Use this URL to cite or link to this record in EThOS: http://ethos.bl.uk/OrderDetails.do?uin=uk.bl.ethos.636334
Title: Oxidation and hydrolysis studies in titanium-oxygen-hydrogen systems
Author: Cunningham, D. J.
Awarding Body: University College of Swansea
Current Institution: Swansea University
Date of Award: 1980
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Abstract:
Oxidation and hydrolysis in the system titanium (III)-oxygen-hydrogen has been studied by a variety of techniques in this work. Solids produced by base precipitation were poorly defined. Although they had an analytical formula corresponding to titanium trihydroxide, the absence of a sharp hydroxide stretching frequency in infra-red spectra showed that they were not simple hydroxides. Such solids, when dry, oxidized immediately upon contact with air to give poorly crystallised products. Heating caused crystallisation when alkali metal hydroxide had originally caused precipitation, the product contained both alkali metal hexatitanate and titanium dioxide of anatase structure; if aqueous ammonia had been the precipitating agent the solid consisted of the anatase structure alone. Aging of solids precipitated by alkali metal hydroxide yielded solely hexatitanates. In a similar manner, mixed alkali metal hexatitanates, of any composition, were prepared by aging and oxidizing the solid precipitated by controlled mixtures of aqueous alkali metal hydroxides. When zinc ions were also initially present, they too participated in the crystallisation process, yielding various zinc titanates. Precipitation by solid sodium hydrogen carbonate yielded poorly defined titanium trihydroxide rather than a carbonate. Hydrolysis products oxidized too quickly to be collected. Oxidized products had either the rutile or anatase structure; when a complexing anion was present the rutile structure was favoured, while the anatase structure was obtained when the anion was only weakly complexing. The thermal decomposition and oxidation of titanium (III) oxalate hydrate was also studied. An intermediate, titanyl oxalate, was observed, while the final, fully oxidised, product had the anatase structure at lower temperatures. Titanium (III) chloride hexahydrate and titanium (III) sulphate pentahydrate were also investigated. No stable intermediates were isolated; fully oxidized products had the anatase structure. A discussion of the various factors which influence the formation of the observed structures concluded this work.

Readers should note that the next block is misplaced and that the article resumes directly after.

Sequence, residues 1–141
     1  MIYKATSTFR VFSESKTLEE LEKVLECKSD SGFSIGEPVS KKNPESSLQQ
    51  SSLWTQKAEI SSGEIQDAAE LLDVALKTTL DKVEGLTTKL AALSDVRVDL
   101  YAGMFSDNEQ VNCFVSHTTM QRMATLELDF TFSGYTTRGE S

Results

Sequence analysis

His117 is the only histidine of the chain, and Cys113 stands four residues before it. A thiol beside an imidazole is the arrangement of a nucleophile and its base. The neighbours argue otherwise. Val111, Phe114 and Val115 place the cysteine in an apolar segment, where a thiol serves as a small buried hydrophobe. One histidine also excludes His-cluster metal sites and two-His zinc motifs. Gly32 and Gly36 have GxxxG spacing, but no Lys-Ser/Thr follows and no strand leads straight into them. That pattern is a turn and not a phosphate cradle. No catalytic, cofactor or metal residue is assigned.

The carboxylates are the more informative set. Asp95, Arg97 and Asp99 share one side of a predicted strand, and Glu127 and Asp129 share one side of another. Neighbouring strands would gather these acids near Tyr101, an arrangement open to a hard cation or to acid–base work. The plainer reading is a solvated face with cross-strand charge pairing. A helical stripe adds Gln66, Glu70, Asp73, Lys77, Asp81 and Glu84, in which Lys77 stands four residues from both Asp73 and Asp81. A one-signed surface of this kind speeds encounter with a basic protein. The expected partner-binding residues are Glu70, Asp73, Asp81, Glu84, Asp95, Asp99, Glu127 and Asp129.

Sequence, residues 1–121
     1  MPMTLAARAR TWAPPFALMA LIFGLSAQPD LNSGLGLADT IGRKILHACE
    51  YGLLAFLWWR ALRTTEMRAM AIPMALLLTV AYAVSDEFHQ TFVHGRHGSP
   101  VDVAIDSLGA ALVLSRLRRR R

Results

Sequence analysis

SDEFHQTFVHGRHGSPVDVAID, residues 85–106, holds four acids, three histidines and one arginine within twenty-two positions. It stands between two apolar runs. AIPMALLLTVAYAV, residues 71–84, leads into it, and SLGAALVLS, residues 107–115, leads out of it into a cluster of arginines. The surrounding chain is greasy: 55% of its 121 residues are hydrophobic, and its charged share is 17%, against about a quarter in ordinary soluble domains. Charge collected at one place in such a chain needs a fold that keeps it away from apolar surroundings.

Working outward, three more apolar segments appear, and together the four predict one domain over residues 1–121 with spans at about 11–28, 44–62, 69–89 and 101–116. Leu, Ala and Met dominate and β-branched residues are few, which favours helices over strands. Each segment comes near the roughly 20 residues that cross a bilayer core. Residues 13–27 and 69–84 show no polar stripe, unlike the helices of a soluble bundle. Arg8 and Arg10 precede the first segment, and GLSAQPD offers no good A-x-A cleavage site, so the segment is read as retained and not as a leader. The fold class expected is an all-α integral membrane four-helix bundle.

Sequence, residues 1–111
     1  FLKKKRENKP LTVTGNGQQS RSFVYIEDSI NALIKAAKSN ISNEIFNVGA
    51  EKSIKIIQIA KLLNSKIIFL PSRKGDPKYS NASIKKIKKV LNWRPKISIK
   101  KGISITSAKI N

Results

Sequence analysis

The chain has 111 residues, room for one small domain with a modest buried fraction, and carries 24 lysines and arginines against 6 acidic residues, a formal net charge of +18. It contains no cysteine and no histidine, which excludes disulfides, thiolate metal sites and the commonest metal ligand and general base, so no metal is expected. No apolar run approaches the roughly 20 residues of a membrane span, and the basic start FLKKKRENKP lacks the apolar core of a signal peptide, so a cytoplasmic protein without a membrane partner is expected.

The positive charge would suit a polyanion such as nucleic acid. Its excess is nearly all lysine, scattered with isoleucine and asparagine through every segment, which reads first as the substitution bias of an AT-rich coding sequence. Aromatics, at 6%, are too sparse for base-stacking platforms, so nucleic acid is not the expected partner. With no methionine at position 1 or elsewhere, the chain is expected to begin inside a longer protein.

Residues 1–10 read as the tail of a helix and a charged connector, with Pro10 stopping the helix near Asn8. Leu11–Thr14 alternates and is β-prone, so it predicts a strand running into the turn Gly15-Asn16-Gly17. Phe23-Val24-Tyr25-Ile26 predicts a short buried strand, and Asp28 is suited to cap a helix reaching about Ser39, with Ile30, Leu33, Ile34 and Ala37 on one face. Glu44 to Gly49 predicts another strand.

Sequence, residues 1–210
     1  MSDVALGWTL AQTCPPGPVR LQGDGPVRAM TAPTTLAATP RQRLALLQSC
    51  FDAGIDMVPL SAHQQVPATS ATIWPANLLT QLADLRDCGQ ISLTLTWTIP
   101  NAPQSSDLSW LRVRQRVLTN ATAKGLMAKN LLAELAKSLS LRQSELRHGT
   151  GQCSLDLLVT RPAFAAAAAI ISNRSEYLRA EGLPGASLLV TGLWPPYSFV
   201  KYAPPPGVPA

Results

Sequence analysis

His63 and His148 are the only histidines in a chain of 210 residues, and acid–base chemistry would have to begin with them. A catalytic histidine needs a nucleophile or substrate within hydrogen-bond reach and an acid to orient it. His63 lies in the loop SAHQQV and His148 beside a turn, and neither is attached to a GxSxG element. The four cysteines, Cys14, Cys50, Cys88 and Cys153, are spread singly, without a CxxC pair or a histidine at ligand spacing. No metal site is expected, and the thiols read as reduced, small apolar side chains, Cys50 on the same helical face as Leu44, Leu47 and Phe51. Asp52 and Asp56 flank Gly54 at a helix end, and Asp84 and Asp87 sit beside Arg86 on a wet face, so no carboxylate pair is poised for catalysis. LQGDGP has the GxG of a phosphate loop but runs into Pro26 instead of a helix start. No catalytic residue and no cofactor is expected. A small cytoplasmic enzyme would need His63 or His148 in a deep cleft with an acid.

Supervisor: Not available Sponsor: Not available
Qualification Name: Thesis (Ph.D.) Qualification Level: Doctoral
EThOS ID: uk.bl.ethos.636334  DOI: Not available
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